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Best practice guidelines on handling hazardous drugs under USP General Chapter <800>

In 2019, new guidelines on handling hazardous drugs (HDs) were proposed by the U.S. Pharmacopeial Convention (USP), with an impact on care settings ranging from hospitals to ambulatory surgery centers, physician offices, specialty clinics, cancer centers and post-acute care facilities. The United States Pharmacopeia General Chapter <800> standards focus on controlling occupational exposure to hazardous drugs while also protecting patients.

This convention was prepared to implement USP General Chapter <800> on November 1, 2023, which would have been an enforceable standard for managing sterile and non-sterile hazardous pharmaceuticals; however, a last-minute appeal just prior to the COVID-19 pandemic changed USP <800> from enforceable to "informational" and not applicable compendially. Despite the current non-enforceable status by USP, the Occupational Safety and Health Administration (OSHA) and state pharmacy boards provide ample penalties for safety violations and a clear incentive for adopting best practices.

The USP <797> Pharmaceutical Compounding of Sterile Preparations and USP <795> Pharmaceutical Compounding of Nonsterile preparations were inextricably linked to USP <800> Hazardous Drug Handling in Healthcare Settings. USP General Chapter <800> describes requirements including:

  • Responsibilities of personnel handling hazardous drugs
  • Facility and engineering controls
  • Procedures for deactivating, decontaminating and cleaning
  • Spill control
  • Documentation

One of the primary issues raised by key stakeholders that prompted the appeal was related to beyond-use-date requirements. On August 31, 2021, USP published a briefing to improve clarity and respond to stakeholder input. The Compounding Expert Committee proposes to revise USP <795> with the following major edits:

  • Expand guidance for assigning beyond-use dates (BUDs) for compounded nonsterile preparations (CNSPs) in the absence of stability information
  • Elaborate on the role of water activity in determining BUD limits for preparations
  • Add a table of commonly compounded dosage forms and their respective values to aid compounders in determining BUD limits for CNSPs
  • Clarify the requirements for identifying the need for a recall and related procedures. An additional briefing was issued regarding USP <797> Pharmaceutical Compounding - Sterile Preparations

According to USP, beyond-use dates help decrease the risks by identifying when a compounded pharmaceutical must be used before it is at risk for physical or chemical degradation, microbial contamination and proliferation and impact on the integrity of the container closure system. Reducing the confusion related to BUDs is likely to improve safety for healthcare professionals that are often not directly involved in the compounding process within the patient care environment.

This proposal, published in August 2021, is based on the version of the chapter that was official as of May 1, 2020. The Compounding Expert Committee proposes to revise this chapter to improve clarity and to respond to stakeholder input. Major edits to the chapter include:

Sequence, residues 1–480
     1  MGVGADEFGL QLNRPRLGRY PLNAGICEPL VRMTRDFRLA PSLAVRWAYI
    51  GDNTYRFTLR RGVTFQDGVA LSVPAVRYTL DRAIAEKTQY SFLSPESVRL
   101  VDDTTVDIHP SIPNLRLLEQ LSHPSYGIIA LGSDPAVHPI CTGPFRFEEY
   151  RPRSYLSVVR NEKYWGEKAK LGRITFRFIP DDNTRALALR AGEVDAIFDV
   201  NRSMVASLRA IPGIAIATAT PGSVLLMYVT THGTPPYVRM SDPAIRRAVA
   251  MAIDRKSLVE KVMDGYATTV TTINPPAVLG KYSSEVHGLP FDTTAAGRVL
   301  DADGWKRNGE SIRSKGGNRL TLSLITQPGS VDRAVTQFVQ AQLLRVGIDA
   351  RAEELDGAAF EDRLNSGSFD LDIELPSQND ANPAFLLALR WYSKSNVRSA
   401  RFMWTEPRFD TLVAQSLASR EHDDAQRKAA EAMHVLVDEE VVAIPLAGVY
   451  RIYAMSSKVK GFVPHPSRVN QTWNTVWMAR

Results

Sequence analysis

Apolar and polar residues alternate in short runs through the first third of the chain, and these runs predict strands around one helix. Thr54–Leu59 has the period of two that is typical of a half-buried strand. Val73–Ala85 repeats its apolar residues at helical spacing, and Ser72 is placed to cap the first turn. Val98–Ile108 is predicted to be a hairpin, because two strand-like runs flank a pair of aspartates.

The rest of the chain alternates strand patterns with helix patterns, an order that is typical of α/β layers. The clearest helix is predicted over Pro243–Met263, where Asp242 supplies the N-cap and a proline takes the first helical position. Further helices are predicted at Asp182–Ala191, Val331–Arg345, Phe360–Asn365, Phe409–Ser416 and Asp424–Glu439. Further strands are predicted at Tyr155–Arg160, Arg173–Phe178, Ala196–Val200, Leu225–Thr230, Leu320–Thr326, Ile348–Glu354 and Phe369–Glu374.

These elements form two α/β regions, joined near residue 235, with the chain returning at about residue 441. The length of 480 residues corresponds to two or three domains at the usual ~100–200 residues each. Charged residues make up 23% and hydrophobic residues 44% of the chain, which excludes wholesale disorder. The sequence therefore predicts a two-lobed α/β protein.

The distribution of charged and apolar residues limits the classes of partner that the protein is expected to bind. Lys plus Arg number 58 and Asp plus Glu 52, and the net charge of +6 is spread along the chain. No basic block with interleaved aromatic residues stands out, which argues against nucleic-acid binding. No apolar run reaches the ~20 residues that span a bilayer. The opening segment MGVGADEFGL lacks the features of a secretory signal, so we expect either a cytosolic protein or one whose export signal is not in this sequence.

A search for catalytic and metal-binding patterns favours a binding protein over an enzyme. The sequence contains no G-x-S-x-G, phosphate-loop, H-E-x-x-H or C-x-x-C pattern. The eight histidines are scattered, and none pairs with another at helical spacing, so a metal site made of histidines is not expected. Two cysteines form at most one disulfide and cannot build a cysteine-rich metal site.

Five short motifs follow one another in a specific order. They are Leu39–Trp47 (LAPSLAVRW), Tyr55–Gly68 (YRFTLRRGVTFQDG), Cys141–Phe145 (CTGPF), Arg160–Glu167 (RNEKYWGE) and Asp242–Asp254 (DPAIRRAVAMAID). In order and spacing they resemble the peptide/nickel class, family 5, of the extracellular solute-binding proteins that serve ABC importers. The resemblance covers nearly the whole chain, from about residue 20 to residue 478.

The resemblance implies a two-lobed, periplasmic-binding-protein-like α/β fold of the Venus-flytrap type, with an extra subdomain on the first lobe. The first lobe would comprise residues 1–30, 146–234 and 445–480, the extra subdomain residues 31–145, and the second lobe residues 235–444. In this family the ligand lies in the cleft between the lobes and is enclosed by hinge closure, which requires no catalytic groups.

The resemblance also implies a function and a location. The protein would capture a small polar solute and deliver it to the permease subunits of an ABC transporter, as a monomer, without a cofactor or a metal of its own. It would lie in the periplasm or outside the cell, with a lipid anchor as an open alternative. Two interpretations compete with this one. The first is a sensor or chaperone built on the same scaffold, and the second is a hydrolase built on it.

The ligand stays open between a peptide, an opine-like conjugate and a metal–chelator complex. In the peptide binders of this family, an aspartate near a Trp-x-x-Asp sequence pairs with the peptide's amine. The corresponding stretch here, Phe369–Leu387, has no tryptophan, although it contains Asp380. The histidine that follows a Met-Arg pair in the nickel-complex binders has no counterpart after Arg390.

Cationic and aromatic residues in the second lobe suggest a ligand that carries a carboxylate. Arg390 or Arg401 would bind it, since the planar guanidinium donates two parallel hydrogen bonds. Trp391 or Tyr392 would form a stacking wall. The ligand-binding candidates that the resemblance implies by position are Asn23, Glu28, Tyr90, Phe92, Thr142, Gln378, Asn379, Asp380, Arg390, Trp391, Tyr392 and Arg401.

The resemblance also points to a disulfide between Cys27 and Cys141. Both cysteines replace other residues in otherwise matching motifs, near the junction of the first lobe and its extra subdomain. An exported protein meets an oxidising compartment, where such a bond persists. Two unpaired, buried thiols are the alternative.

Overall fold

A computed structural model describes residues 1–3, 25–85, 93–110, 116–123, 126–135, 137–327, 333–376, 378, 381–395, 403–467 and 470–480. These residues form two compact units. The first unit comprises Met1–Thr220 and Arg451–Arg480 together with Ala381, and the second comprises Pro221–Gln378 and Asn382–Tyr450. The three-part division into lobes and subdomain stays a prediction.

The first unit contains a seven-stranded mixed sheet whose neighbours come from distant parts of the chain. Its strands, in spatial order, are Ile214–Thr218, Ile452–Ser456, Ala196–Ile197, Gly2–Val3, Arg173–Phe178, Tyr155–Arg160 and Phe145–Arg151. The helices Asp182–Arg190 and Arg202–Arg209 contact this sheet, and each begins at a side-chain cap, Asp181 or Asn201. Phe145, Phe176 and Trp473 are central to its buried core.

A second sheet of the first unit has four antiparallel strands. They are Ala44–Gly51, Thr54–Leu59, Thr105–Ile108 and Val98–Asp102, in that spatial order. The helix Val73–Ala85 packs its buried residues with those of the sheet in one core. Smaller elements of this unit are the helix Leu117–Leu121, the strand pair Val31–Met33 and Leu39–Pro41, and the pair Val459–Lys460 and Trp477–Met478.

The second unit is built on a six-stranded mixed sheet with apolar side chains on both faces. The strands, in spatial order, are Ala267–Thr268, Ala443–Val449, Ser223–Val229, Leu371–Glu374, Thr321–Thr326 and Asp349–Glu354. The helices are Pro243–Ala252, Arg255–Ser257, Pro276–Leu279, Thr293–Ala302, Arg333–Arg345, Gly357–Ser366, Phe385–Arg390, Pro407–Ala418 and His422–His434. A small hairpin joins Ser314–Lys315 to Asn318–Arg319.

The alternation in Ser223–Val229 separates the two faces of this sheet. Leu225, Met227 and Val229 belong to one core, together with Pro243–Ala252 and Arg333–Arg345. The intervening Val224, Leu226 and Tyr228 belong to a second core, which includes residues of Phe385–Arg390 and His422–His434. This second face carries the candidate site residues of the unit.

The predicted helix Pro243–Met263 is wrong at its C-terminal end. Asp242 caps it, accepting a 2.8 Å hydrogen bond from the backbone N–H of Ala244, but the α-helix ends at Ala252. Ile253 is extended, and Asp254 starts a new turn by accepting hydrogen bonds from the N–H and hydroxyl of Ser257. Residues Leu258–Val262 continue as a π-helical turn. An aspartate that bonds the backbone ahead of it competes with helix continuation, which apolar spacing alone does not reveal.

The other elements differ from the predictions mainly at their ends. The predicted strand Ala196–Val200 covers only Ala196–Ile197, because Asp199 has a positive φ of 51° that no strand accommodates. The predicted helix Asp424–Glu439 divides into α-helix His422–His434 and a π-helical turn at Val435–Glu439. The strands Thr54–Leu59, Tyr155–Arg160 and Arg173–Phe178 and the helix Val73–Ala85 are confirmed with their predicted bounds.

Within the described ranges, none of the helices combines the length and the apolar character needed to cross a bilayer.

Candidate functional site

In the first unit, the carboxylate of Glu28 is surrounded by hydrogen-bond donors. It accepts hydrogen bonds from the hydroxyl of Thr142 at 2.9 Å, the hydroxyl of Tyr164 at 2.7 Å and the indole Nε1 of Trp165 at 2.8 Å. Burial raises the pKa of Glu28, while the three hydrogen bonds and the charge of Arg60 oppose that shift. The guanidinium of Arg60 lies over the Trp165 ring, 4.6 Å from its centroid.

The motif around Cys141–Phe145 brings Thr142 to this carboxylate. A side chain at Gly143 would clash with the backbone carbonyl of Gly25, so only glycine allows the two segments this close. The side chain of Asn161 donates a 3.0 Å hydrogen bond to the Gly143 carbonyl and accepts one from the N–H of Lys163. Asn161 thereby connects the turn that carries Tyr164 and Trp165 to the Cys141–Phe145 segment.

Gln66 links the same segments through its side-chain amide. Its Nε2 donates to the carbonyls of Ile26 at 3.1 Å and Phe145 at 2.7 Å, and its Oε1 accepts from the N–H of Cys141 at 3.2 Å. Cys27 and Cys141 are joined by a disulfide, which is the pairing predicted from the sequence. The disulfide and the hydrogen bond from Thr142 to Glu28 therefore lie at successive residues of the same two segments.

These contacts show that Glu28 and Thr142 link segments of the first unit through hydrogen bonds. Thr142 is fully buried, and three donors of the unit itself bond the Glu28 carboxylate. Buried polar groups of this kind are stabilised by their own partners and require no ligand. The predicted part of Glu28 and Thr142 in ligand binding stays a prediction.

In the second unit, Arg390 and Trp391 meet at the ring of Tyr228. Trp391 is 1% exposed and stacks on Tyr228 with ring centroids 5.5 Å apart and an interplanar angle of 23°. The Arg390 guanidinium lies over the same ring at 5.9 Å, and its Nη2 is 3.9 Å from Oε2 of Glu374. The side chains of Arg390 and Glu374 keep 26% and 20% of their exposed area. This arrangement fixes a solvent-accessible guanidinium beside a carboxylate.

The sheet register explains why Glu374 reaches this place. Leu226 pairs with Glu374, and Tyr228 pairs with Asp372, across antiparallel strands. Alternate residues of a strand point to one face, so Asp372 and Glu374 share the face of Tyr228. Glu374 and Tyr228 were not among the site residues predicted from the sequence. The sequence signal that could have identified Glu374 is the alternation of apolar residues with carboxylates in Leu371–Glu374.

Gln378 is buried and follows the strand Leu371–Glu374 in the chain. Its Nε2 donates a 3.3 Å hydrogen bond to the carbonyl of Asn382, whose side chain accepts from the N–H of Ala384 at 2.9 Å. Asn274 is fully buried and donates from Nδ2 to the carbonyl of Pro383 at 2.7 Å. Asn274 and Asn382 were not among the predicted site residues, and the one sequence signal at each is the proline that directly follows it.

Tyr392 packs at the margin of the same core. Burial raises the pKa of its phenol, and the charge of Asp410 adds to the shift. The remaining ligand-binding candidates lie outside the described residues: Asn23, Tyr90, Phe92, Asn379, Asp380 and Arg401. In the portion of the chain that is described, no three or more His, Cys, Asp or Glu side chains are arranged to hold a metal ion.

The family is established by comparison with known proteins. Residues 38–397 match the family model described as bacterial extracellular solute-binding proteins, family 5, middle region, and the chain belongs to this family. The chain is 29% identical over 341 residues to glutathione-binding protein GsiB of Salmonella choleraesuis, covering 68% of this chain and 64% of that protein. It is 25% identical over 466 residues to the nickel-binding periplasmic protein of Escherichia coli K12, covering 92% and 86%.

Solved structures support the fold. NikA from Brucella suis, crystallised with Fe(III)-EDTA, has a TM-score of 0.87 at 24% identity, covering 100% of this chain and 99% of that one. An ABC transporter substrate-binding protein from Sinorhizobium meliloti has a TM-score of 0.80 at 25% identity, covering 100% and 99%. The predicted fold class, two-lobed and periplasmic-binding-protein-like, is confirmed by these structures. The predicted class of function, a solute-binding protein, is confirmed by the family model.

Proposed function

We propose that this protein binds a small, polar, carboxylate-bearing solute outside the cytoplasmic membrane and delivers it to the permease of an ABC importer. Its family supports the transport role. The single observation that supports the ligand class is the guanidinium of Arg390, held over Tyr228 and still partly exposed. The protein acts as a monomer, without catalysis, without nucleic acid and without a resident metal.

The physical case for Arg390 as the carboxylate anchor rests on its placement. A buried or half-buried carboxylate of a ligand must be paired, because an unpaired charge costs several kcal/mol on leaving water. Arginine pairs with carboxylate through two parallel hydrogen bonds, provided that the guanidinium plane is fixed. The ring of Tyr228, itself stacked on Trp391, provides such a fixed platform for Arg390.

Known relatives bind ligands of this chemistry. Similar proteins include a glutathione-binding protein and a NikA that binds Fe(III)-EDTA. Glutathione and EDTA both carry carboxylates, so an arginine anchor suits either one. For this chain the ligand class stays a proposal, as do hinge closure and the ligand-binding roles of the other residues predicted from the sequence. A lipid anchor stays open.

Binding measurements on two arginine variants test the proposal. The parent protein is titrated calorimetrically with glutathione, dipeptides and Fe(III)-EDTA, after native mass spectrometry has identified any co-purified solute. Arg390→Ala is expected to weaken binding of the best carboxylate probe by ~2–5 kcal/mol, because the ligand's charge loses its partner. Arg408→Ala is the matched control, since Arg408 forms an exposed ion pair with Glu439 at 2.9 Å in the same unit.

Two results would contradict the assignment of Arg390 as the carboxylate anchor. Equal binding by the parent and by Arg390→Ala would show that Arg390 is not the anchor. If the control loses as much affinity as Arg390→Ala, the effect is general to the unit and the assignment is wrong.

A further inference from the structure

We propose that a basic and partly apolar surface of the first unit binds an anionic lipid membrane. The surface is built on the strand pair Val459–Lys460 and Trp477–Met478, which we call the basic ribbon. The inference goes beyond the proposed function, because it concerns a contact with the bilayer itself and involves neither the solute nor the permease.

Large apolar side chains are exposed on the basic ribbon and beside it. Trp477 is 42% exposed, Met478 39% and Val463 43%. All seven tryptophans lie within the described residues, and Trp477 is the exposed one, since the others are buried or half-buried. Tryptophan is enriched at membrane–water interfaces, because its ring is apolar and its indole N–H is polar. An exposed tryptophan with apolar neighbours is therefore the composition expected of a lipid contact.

• Reorganize the chapter to group similar topics and clarify requirements. Include section and subsection numbers and place procedural information in boxes
  • Expand guidance for assigning BUDs for compounded sterile preparations (CSPs)
  • Rename CSP microbial risk levels and update terminology. Category 1 and 2 CSPs are distinguished primarily by the facility in which they are made and the length of time within which they must be used
  • Category 1 CSPs have shorter BUDs and may be prepared in an unclassified segregated compounding area; Category 2 CSPs have longer BUDs and must be prepared in a cleanroom suite. Additionally, Category 3 CSPs are those that may be assigned longer BUDs than the limits for Category 1 or Category 2 CSPs, up to 180 days, if additional requirements are met
  • Add a maximum batch size of 250 final yield units for all CSPs requiring sterility testing
  • Add guidance on assigning BUDs to compounded multiple-dose containers, including information on assigning BUDs for non-preserved ophthalmic CSPs
  • Add guidance on the use and storage of entered or punctured conventionally manufactured products
  • Add information on notification and recall of CSPs with out-of-specification results
  • Clarify requirements for compounding allergenic extract prescription sets
  • Add requirements for maintaining master formulation and compounding records
  • Provide guidance on the use of isolators
  • Remove specific information related to the handling of hazardous drugs and add cross-references to Hazardous Drugs - Handling in Healthcare Settings <800>
  • Remove specific information related to radiopharmaceuticals as CSPs and add cross-references to Radiopharmaceuticals - Preparation, Compounding, Dispensing, and Repackaging <825>

The National Institute for Occupational Safety and Health (NIOSH) issued the "Draft of the NIOSH List of HDs in Healthcare Settings, 2020" which as of December 2021, remains in a post-comment period until finalized.1 Although the draft does not represent an enforceable agency determination or policy, it's likely to increase compliance complexity for healthcare professionals. The proposed NIOSH list is limited to drugs approved and evaluated by the Food and Drug Administration (FDA) Center for Drug Evaluation and Research (CDER) and would no longer include products approved by the Center for Biologics Evaluation and Research (CBER).2